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Professor Aruna Garcea says primary care must make maximum use of the breadth of its roles to cope with winter
Primary care has been at the forefront of care delivery through multidisciplinary teams (MDTs). Nowhere is this more evident than in PCNs, which have seen a rapid increase of the MDT with the recruitment of more than 29,000 primary care and additional roles reimbursement scheme (ARRS) posts since 2019; exceeding targets. Two critical papers, both of which have a direct impact on primary care, were recently published: the delivery plan for primary care access recovery and the long-awaited workforce plan. Both of these recognised the success of MDTs in primary care and describe measures to build on that achievement.
While we appreciate the benefits of MDTs with a wider set of skills to deliver a broader range of services, as identified by the PCN DES, PCNs’ capacity to translate the full potential has varied. As we prepare for another challenging winter, how can we ensure we are fully using MDTs to fulfil patient needs while realising the potential for resilience and transformation in primary care?
We must now understand what more we can do to work as effectively as possible, not least because enhanced access means there are more appointments available at the PCN scale. Care navigation, integration, collaboration and population health management will all be important here.
To ensure all this is done successfully, integrated care boards (ICBs) and national policy must facilitate the enormous organisation development support that a transformation initiative like this requires, especially when the GP workforce is under significant strain.
The right infrastructure is also vital, as is capital investment so that primary care estates can house these diverse MDT roles.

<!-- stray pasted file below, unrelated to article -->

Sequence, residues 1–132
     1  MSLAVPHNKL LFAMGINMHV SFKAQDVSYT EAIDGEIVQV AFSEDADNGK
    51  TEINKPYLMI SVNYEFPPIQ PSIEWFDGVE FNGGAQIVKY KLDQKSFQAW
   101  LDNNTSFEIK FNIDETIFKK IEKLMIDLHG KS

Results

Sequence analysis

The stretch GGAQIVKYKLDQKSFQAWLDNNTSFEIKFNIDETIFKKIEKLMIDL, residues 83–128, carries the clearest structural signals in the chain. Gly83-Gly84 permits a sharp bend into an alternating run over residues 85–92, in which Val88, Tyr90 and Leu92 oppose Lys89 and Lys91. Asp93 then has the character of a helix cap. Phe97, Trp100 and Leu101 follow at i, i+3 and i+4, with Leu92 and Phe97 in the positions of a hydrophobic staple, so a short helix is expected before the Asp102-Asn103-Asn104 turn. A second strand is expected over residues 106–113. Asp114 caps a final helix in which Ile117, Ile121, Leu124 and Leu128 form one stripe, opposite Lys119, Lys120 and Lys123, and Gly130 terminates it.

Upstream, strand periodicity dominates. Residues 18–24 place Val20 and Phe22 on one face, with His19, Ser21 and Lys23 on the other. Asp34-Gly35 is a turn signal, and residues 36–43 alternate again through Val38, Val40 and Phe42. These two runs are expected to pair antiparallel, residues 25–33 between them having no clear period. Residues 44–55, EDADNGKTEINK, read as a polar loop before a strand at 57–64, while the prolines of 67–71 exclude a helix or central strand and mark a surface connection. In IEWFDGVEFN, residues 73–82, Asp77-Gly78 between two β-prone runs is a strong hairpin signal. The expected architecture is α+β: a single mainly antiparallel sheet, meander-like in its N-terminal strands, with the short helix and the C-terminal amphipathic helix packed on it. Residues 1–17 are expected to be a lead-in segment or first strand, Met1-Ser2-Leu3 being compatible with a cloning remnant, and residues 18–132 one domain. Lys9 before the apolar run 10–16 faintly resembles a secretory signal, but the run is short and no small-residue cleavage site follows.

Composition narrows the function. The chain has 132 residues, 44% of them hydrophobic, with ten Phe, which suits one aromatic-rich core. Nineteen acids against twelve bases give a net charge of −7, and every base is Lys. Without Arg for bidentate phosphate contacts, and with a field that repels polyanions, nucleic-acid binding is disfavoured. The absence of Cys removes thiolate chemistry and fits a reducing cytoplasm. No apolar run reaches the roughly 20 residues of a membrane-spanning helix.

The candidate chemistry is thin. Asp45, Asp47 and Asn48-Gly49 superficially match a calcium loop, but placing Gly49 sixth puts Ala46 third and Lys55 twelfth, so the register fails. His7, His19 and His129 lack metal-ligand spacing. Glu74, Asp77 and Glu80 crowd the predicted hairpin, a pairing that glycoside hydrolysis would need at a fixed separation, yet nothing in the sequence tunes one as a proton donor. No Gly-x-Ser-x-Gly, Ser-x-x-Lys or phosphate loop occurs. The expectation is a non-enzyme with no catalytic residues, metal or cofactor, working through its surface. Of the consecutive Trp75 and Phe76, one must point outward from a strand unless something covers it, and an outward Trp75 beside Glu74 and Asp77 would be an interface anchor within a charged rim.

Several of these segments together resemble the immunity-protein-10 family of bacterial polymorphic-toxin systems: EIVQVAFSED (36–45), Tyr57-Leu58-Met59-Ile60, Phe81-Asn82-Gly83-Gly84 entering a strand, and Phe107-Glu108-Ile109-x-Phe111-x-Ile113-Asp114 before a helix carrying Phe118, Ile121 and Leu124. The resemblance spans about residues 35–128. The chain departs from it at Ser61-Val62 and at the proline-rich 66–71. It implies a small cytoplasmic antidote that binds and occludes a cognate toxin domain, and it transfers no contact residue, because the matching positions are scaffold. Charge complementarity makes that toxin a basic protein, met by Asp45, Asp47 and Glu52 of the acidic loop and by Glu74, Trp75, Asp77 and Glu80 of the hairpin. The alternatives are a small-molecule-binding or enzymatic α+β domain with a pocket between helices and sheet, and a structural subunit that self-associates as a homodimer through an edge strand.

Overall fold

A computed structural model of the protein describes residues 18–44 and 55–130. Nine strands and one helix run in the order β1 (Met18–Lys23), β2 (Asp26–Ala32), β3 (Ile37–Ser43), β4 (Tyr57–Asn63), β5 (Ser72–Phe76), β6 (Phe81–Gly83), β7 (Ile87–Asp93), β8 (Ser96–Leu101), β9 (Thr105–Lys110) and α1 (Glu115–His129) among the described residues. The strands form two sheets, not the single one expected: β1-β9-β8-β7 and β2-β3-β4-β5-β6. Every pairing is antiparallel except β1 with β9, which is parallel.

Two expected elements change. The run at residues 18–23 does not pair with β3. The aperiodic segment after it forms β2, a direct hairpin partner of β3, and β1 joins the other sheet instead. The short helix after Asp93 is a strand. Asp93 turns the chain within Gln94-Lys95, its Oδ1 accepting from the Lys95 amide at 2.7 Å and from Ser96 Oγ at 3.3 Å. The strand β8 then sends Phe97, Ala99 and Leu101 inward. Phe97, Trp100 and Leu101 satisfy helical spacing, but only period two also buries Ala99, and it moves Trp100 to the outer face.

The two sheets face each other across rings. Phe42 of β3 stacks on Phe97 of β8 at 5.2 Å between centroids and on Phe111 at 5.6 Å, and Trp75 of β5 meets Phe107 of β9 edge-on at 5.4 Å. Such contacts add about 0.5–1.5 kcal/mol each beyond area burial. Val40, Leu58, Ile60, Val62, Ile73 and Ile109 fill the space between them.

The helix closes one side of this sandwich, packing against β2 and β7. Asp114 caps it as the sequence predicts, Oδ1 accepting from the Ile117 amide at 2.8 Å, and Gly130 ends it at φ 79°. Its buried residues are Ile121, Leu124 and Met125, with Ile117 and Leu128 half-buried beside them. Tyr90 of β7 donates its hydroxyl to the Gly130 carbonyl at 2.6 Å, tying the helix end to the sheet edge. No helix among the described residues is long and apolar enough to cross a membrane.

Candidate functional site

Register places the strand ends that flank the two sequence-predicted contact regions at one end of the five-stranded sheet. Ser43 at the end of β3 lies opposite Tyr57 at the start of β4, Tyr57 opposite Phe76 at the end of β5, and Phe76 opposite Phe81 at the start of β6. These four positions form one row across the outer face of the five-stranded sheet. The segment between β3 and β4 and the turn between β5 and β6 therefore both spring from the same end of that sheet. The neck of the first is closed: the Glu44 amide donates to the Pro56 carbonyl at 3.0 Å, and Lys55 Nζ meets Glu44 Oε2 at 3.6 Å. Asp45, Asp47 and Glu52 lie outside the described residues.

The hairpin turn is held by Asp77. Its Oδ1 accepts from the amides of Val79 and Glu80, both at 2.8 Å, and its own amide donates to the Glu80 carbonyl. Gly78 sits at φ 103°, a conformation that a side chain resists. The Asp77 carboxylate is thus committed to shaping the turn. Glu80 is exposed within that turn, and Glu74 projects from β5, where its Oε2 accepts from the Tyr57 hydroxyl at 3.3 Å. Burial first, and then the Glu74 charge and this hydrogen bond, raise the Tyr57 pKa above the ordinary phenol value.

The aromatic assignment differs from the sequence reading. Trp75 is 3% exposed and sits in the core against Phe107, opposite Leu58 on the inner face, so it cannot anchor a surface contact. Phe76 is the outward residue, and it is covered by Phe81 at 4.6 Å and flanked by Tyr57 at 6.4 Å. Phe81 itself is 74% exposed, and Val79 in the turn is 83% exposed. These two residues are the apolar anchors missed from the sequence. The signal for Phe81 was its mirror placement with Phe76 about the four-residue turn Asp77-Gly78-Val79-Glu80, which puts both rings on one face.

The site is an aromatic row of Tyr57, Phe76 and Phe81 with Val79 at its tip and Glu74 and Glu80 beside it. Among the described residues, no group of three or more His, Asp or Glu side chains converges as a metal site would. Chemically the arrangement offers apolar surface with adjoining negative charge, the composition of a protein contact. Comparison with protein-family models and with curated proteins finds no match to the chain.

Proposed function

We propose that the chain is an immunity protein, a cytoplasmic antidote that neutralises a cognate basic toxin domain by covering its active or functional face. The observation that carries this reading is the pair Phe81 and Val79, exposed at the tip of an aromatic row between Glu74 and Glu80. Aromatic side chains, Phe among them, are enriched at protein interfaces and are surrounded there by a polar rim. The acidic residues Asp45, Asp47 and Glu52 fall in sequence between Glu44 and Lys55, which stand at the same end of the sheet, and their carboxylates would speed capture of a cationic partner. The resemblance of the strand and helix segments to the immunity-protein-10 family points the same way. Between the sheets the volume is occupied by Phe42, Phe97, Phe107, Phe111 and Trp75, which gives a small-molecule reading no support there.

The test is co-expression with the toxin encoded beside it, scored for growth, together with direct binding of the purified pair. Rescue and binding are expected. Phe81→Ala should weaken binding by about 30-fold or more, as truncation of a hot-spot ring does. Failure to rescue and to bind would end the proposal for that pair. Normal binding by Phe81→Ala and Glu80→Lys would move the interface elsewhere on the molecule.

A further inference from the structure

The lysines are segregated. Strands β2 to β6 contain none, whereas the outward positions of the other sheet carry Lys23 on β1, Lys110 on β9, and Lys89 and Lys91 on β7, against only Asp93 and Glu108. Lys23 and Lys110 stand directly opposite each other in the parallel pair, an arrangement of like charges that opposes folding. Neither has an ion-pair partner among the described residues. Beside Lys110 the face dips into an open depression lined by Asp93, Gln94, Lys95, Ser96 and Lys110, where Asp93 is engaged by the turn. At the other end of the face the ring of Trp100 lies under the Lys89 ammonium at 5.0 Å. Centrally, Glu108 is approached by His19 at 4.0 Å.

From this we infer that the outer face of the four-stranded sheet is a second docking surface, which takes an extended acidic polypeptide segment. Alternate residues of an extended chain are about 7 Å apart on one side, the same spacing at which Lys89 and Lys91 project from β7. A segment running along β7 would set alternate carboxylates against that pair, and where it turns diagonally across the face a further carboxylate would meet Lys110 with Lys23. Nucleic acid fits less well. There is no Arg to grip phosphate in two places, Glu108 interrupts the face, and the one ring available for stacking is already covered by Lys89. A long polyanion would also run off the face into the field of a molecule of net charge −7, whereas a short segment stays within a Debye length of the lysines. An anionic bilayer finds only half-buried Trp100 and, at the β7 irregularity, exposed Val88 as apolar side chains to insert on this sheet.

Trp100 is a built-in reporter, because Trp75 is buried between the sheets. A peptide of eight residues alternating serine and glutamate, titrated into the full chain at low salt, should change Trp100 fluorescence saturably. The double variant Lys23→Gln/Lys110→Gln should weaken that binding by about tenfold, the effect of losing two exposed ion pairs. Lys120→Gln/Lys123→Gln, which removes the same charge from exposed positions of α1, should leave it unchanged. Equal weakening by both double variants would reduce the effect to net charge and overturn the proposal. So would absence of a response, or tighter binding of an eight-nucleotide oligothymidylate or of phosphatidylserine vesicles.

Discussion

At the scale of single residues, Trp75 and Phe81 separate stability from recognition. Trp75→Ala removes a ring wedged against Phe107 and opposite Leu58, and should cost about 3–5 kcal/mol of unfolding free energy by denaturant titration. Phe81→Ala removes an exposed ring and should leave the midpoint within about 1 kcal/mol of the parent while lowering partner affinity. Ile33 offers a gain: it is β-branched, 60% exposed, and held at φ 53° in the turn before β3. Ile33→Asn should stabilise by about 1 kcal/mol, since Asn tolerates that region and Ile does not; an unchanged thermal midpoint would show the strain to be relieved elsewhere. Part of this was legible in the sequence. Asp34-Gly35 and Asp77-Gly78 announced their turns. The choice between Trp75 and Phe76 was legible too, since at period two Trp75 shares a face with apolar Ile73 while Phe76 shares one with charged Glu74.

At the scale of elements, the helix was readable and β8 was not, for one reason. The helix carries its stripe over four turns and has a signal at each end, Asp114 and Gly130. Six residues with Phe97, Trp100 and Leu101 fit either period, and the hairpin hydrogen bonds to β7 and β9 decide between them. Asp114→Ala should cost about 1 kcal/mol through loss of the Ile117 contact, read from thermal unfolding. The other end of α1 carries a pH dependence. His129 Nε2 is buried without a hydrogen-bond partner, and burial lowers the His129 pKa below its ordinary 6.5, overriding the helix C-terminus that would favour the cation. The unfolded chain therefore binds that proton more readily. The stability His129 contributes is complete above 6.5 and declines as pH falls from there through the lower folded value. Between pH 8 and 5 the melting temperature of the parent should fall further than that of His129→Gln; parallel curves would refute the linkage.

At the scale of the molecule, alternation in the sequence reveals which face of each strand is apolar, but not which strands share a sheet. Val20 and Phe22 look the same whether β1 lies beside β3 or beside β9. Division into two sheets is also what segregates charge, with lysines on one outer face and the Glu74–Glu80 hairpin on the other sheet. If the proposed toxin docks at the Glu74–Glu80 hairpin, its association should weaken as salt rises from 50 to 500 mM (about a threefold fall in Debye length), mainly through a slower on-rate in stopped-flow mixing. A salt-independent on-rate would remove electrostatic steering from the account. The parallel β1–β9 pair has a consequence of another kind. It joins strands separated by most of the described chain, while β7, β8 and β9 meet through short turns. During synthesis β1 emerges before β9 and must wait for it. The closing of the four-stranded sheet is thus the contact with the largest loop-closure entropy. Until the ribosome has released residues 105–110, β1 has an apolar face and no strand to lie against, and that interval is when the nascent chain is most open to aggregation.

Primary care will also need support from ICBs with their digital implementation projects, as outlined in the recovery plan. This includes support for population health management, ensuring primary care can tailor services to local needs.
Meanwhile, further additional winter funding needs to be released sooner rather than later. Releasing extra investment to ICBs means they can then fully engage primary care to co-create solutions, instead of scrambling to make ends meet during the colder months.
Recognising and supporting GPs’ evolution as ‘consultants’ in primary care is a critical acknowledgement of us – as a profession and as key players in the system. It will allow us to deliver effective clinical supervision and dynamic support to our teams, as these demands can place significant pressures on GPs and clinical directors (CDs). Clinical supervision and organisation development are critical issues that help us to maintain clinical quality and demonstrate continuity of patient care across MDTs, while improving capabilities for current and future demands.
We have fewer full-time GPs than before the pandemic, who are delivering 12% more appointments. It is vital that we make the best use of the breadth of primary care to have the best chance of meeting winter pressures. We must recognise the importance of collaborating with other systems and ensure primary care is supported to deliver for patients in the months ahead.
Professor Aruna Garcea is clinical director for Leicester City and Universities PCN and chair of
the NHS Confederation’s PCN advisory group. This article was first published in Pulse PCN print Sep 1 2023